Haas is an equine veterinary practitioner through her North Face Equine in Ann Arbor, Michigan. In addition to her work in equine sports medicine, she splits her time between treating local horses and traveling to horse shows. She spends winters in Ocala, Florida from November to April, and makes trips back to Michigan to see clients as needed. Hass has an impressive list of wins in the Junior/Amateur- Owner Jumper ranks at prestigious shows across the country. She was named champion this week of the division, repeating the honor from Week III of the series.

Haas describes Coachella as a sensitive mare that goes in a rubber bit. She requires a smooth ride and can become dramatic with adjustments.

According to Jake Haas, Erin Haas’ father, she is very conscientious and puts the time into her practice and her riding. “She mixes work and her pleasure all at the same time,” he said.

The elder Haas has been attending shows at Flintfields Horse Park for many years and were one of the founding sponsors.

The $10,000 NAL Junior/Amateur-Owner Jumper Classic took place first thing Saturday morning. Skyllar Beckel, from New Albany, Ohio, and her own Lyons Creek Action were one of nine horse and rider combinations to complete the first round of Cabral’s course leaving all the rails in their cups. Four pairs were accurate enough to be clear in the short track and Beckel and Lyon’s Creek Action had the fastest time of the pack stopping the clock at 33.158 seconds.

Child phenom and winner of the Lows earlier in the week, 13-year-old Kyle Perkovich, from Long Grove, Illinois, and Roc My World earned the red ribbon after going double clean round and completing their jump-off round in 33.592 seconds. Emily Reder and Byolga, from Wyoming, Ohio were third, also with a double clear effort and completing Equine Holdings LLC’s Ammeretto and David Beisel enjoyed another victory lap around the Grand Prix Ring at Flintfields Horse Park after sealing the deal with the fastest double clear round of the $25,000 Welcome Stake during the Great Lakes Equestrian Festival Week IV.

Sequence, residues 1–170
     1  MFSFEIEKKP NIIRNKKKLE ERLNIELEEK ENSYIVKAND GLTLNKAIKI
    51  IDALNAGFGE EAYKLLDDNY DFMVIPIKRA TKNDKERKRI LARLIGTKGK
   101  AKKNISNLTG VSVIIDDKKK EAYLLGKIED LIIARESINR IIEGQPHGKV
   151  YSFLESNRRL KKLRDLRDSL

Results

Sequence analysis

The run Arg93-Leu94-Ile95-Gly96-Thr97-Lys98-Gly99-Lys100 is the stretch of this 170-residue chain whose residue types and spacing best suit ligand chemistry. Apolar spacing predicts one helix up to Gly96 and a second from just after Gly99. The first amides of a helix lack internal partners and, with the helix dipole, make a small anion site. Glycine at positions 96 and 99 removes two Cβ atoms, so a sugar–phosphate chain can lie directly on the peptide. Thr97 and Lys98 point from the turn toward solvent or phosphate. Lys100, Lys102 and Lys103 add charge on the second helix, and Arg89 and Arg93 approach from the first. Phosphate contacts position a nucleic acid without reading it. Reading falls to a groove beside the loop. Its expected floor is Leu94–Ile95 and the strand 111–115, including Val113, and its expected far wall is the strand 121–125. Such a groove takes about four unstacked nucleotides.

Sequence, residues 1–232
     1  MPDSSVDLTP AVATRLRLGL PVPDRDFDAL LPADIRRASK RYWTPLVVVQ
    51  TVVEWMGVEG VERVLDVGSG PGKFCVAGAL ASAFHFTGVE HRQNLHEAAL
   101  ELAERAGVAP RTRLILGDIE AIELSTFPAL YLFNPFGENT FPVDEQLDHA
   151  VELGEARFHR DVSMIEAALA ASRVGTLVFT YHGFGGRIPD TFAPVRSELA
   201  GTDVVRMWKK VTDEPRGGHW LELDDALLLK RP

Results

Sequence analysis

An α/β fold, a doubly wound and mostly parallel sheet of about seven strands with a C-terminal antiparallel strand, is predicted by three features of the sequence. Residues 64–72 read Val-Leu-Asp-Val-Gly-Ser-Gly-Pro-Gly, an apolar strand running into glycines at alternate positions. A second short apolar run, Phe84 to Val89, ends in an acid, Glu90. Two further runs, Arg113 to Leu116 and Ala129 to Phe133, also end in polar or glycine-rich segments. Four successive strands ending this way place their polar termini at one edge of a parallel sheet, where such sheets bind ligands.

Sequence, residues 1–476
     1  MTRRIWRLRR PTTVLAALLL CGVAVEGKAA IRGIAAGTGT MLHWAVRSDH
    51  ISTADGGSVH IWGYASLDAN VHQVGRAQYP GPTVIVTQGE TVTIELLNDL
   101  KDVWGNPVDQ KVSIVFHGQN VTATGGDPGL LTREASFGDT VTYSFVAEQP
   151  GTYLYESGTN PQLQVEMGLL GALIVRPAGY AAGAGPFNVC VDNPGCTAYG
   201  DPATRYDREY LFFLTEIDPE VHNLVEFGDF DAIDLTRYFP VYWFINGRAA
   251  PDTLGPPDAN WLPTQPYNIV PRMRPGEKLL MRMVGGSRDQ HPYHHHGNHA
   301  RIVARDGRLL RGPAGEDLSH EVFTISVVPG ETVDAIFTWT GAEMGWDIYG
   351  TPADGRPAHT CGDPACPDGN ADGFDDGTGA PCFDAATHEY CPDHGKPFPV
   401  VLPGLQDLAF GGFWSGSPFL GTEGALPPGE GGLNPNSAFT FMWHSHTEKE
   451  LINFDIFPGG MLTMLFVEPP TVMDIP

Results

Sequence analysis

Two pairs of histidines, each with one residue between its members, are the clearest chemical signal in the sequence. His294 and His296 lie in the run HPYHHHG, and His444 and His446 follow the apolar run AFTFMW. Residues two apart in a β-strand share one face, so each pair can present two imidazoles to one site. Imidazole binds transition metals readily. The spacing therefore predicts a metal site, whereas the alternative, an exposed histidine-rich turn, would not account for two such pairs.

Sunday Jumper Highlights

In Sunday morning's Young Jumper Championship Qualifier for the 7 Year Olds, it was Beisel who brought up the rear as the last to enter the ring, and also the one who rode right up the ranks into first place aboard Equine Holdings, LLC's Donnaludine. Beisel bested the group of four entries that proceeded to the jump-off, one of which was another entry of his own. When it came down to the wire, Beisel promptly piloted Donnaludine to a 37.294 second ride, and secured second with Patrice Schreiber's Vigilante who cleared the jump-off in 37.890 seconds. Beisel and Donnaludine ultimately earned the championship title of the division, an exciting win for the pair who only competed in their first jumper class together this time last year at Flintfields Horse Park. 

Wednesday Equitation and Hunter Highlights

The fourth and final week of Great Lakes Equestrian Festival kicked off to a promising start for young rider Dana Wille and her horse Full Count, who rode to the win in both the jumper and hunter phases of the Washington Equitation Class for the second week in a row. While Wille and her horse are preparing for Finals in the fall, Tamara Provost and Santerno have their sights set on a goal nearer in the future: the $25,000 USHJA International Hunter Derby, presented by the Gochman Family, that takes place this Saturday afternoon.

The group of eager Juniors took to the jumper ring first this morning, hoping to take the early lead in the two-phase WIHS competition. Wille and Shaunnah Anderson’s Full Count, the defending champions in Traverse City, were quick to prove that they had no intention of losing the title with a first round score of 85. The next closest pair, Nealie Boschman and Jenny Schutzler’s Campari, sat a full 12 points behind with their score of 73.

Trailing behind the two leaders was Jordan Allen and Cornelius, owned by Patrice Schreiber, in the third spot, followed by Hannah Satterland and Ashley Scheich’s Zandro in fourth place with the hunter phase still remaining.